“How to Be an Effective Citizen Lobbyist”
Monday, September 18, 7- 9 pm, First Parish UU of Arlington
Dr. Willie Parker Speaks at Brookline Women’s Health Services
Tuesday, September 19, 6:45pm, Brookline Holiday Inn
Dr. Willie J. Parker is an OB/GYN specializing in abortions and a reproductive justice advocate. He holds degrees from the University of Iowa College of Medicine, the Harvard School of Public Health, the University of Cincinnati, and the University of Michigan. Dr. Parker currently provides abortion care for women in AL, MS, PA, GA, and IL, and is the former Medical Director of Planned Parenthood Metropolitan Washington, DC. He is the physician plaintiff in the federal lawsuit preventing the closure of Mississippi’s only abortion clinic, a case currently in request for hearing by the U.S. Supreme Court.
His work includes a focus on violence against women, sexual assault prevention, and reproductive health rights through advocacy, provision of contraceptive and abortion services, and men’s reproductive health.
“I Am Not Your Negro” Free Screening
Monday, September 25, 7pm, Carling-Sorenson Theater at Babson College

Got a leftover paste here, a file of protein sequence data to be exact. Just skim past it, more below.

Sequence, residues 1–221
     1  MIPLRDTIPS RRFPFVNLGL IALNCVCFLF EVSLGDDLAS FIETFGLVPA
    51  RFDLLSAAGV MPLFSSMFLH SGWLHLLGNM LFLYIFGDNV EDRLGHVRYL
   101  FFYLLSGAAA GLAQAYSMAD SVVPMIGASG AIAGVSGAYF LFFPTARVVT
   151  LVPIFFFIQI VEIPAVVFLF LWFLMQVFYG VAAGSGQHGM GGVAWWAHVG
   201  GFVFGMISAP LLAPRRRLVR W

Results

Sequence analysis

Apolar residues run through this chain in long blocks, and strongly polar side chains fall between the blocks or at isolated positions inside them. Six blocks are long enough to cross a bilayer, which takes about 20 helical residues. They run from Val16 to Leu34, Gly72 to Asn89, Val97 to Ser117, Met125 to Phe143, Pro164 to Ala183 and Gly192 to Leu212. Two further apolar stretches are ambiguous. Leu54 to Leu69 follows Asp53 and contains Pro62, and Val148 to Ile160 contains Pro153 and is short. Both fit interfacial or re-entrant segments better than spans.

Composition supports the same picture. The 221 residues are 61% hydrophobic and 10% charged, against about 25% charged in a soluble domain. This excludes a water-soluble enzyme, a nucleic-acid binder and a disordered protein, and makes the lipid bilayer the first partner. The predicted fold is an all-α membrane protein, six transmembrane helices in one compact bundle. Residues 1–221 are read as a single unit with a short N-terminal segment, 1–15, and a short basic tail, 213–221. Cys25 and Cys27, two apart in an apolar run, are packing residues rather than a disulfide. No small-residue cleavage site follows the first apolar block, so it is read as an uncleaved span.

About the film: At the time of his death in 1987, writer James Baldwin was working on a book, Remember This House, that was to be a personal account of lives and assassinations of three of his close friends: Medgar Evers, Malcolm X, and Martin Luther King, Jr. In reaching back and envisioning the book as Baldwin might have finished it, filmmaker Raoul Peck creates a profound and urgent exploration of the contemporary American racial narrative.
Kimberly McLarin, Associate Professor at Emerson College and critically-acclaimed novelist, will introduce the film and lead a post-screening discussion.
MIT AgeLab Recruits High School Students for Omega Summit
October 21, 2017, MIT
- Brainstorm with students, professionals, and community members ways of strengthening intergenerational connections in their communities
- Learn about scholarships available for juniors and seniors who demonstrate excellent efforts in their schools to build relationships with older adults
Christianity, Race, and Mass Incarceration Conference
Thursday, October 19 and Friday, October 20, Harvard Divinity School
The Christianity, Race, and Mass Incarceration Conference will gather scholars of various disciplines, activists, organizers, and formerly incarcerated persons and place them in conversation with each other. We hope to advance through this workshop a critical study of carceral punishment, especially as it relates to questions of Christian thought and practice, and to provoke awareness and activism around incarceration in America.